Vanishing Wars: The Affect of Camouflage in Nature
Biology 342 Fall 2014
An Introduction to Camouflage
noun: concealment by means of disguise
It seems that lately almost anywhere you go you can find someone either wearing Realtree, the camouflage reminiscent of a forest painting, or woodland, the old camo of the US Army. How these patterns ever became a fashion crazy is difficult to understand but you might be asking yourself where people came up with the idea for camouflage came from, and it might shock you to learn that part of the camouflage trend stems from the Animal Kingdom. Animals have been sporting camouflage since before it became a bizarre Realtree based fashion trend. But why did animals have this not so stylish fashion before it was cool you ask? In order to find out click on the tab that says "Origins" on the left side of the screen, read below to learn more about human camouflage.
In just about every action movie known to modern man, there are characters wearing what most people would call camo, or camouflage. These individuals are dressed in clothing that has different patterns of green, brown, and khaki and can be found among all members of the cast. These are usually used to denote characters that have some sort of military background or are a part of some kind of secret organization. Camouflage is used here to symbolize a certain degree of authority and as a way to help set the mood. It is a way to simplify character development by using references to connect what is on the silver screen to life outside of the movie theater.
In the real world camouflage has been a staple of world militaries since around World War I. This was the time period when people had really been able to develop weapon systems with enough range, accuracy and speed that using the old coloring schemes of bright colors and large visible banners didn't seem quite the right way to do things anymore. Infantry uniforms were initially changed to be mono-colored clothing such as khaki or ranger green. This helped to reduce the visibility of soldiers and remained the standard way to produce military clothing for many countries until after the end of the Vietnam War. However, it wasn't long after camouflage systems were proven to work on military equipment that putting camouflage onto uniforms began to take off.
Some of the earliest usage of camouflage patterns on military uniforms came about was seen during World War II. Nazi Germany had done a great deal of research on camouflage technology in their attempts to further their evil agendas and this led to the adoption of Flecktarn by the Waffen SS. Flecktarn was designed to provide superior concealabitlity while inside a forest in either autumn or summer. Many other countries were also bringing out experimental camouflage patterns during WWII as well. The United States had developed a pattern nicknamed Frog Skin by GIs that was meant to help conceal them in combat. Frog Skin was first tested out by the Marine Raiders in 1942. One unique aspect of Frog Skin was that it had both a Jungle and Beach version printed onto a reversible uniform, meaning if the jacket was turned inside out then it would display a different version of Frog Skin. These early camo precursors led the way for militaries to begin adopting camouflaged uniforms en masse.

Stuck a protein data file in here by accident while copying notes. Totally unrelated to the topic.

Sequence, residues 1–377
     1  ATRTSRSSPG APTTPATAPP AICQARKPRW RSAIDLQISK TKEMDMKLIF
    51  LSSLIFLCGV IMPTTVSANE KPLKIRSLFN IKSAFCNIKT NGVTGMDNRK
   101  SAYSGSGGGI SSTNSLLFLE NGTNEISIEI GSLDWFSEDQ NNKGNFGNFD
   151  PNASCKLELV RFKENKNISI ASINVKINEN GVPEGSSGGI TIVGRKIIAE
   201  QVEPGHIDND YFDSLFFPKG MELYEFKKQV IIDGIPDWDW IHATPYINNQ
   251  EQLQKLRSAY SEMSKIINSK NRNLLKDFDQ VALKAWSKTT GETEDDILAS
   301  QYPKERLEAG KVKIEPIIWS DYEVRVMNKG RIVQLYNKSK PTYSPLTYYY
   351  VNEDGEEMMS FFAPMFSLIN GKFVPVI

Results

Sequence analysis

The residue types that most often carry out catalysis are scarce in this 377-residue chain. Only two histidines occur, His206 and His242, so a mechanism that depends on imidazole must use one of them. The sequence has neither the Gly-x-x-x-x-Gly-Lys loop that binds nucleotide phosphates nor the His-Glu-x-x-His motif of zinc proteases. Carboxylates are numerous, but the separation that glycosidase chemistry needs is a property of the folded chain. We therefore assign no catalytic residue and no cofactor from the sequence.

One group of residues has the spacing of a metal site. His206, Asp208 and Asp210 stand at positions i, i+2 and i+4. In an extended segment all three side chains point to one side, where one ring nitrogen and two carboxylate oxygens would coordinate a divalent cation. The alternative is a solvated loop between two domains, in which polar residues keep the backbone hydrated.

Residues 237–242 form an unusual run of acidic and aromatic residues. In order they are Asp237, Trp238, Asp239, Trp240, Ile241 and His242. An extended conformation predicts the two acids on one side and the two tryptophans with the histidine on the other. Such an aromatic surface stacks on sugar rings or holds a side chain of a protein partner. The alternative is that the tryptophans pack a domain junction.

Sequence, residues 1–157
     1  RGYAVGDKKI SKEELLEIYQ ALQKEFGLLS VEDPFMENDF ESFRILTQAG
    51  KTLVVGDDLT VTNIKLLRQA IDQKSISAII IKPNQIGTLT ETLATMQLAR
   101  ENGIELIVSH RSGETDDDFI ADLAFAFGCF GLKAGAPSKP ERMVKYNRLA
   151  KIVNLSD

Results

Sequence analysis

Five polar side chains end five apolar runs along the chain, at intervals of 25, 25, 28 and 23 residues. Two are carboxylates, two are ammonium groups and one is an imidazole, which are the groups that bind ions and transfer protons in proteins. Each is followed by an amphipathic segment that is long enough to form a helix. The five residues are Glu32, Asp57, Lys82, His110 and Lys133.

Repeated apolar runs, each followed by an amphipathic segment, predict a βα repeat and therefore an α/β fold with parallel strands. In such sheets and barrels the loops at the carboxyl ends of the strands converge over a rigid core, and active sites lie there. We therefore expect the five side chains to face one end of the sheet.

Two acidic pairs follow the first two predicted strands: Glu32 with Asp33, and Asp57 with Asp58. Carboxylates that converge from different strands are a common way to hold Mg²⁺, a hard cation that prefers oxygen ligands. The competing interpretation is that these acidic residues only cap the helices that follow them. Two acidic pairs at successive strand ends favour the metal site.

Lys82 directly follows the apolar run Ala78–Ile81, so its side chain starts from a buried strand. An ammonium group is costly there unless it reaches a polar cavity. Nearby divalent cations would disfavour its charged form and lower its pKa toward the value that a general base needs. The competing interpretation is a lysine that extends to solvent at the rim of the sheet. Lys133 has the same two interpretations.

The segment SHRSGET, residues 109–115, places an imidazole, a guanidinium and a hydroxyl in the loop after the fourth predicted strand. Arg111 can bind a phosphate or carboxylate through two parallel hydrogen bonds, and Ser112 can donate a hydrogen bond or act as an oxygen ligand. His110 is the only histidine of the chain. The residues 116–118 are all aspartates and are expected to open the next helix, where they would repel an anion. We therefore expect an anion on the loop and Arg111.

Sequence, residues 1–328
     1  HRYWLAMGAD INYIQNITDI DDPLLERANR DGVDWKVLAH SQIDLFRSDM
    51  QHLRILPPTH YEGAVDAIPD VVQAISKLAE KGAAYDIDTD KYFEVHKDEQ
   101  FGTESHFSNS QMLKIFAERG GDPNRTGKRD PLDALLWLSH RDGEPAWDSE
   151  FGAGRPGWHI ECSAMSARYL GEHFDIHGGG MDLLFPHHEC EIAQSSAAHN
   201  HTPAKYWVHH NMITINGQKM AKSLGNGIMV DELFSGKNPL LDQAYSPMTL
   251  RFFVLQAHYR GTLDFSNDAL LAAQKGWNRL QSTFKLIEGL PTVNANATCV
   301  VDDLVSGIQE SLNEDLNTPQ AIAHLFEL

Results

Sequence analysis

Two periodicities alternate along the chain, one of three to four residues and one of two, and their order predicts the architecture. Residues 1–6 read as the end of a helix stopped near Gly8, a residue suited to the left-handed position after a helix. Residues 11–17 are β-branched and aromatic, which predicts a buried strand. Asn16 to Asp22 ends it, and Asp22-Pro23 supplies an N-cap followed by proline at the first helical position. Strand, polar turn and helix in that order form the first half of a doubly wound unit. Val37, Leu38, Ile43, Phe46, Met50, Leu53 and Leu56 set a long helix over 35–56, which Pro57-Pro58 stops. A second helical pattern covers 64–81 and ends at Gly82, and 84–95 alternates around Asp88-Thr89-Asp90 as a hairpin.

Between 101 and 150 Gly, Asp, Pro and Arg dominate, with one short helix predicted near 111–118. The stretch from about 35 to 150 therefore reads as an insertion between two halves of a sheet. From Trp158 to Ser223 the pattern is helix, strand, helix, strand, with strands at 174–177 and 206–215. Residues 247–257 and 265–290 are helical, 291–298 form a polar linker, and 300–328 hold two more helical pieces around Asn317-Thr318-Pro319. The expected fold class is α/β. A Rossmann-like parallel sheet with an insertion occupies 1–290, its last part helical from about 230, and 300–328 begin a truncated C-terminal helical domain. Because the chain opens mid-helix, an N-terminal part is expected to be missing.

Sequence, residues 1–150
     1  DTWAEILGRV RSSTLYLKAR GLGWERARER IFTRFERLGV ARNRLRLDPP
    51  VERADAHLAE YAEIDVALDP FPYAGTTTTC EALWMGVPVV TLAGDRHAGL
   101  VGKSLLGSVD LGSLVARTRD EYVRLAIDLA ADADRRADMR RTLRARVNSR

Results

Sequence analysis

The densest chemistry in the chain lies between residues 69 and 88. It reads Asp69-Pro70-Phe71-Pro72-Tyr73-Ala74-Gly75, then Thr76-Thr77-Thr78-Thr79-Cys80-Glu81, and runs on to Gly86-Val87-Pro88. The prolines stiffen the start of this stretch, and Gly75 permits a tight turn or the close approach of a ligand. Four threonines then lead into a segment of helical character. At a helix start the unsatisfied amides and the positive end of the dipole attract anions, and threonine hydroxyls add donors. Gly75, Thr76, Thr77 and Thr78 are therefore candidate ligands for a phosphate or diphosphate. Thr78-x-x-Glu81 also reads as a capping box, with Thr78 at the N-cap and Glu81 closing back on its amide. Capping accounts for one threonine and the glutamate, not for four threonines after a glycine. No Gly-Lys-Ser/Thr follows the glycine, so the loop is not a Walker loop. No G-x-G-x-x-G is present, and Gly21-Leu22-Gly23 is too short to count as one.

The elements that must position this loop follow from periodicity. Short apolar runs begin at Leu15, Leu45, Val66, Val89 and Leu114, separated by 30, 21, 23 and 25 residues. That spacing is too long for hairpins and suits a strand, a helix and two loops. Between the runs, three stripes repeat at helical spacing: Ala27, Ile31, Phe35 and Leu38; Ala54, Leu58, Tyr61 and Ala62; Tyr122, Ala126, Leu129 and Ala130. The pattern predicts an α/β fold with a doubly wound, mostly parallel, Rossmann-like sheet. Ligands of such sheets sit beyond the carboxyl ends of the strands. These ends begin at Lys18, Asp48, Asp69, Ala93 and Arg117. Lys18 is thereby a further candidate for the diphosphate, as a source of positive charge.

What is arguably the most recognizable camouflage in the world today is the United States woodland pattern, (as seen in the photo on the right). This camouflage pattern came into being in the early 80's as the United States Department of Defense began to transition from worrying about combat in Vietnam to fighting the Soviet Union in central Europe. Woodland was a pattern designed to conceal soldiers who were waiting for an advance of USSR forces that would likely be coming at them from a great distance away. The woodland pattern was at the time a good way to help conceal troops who were further away from the enemy. However there were some key drawbacks to woodland. The pattern isn't very effective when a person is standing closer than 100 meters in front of an individual wearing woodland. And it isn't even all that effective in forest environments, (see photo on left). Testing was conducted by NATO in the 90's that determined the best camouflage pattern available at the time was one developed by the Canadian government, called CADPAT. This all lead to woodland being phased out by the United States Marine Corps in the early 21st century and being replaced with a recoloring of CADPAT, which the service labeled as MARPAT. Over time the United States Army and the United States Navy both adopted CADPAT derivatives as their primary service patterns. Most of these recolorings, not including the version adopted by the US Army, have proven to be very effective and have increased the survivability of US service members.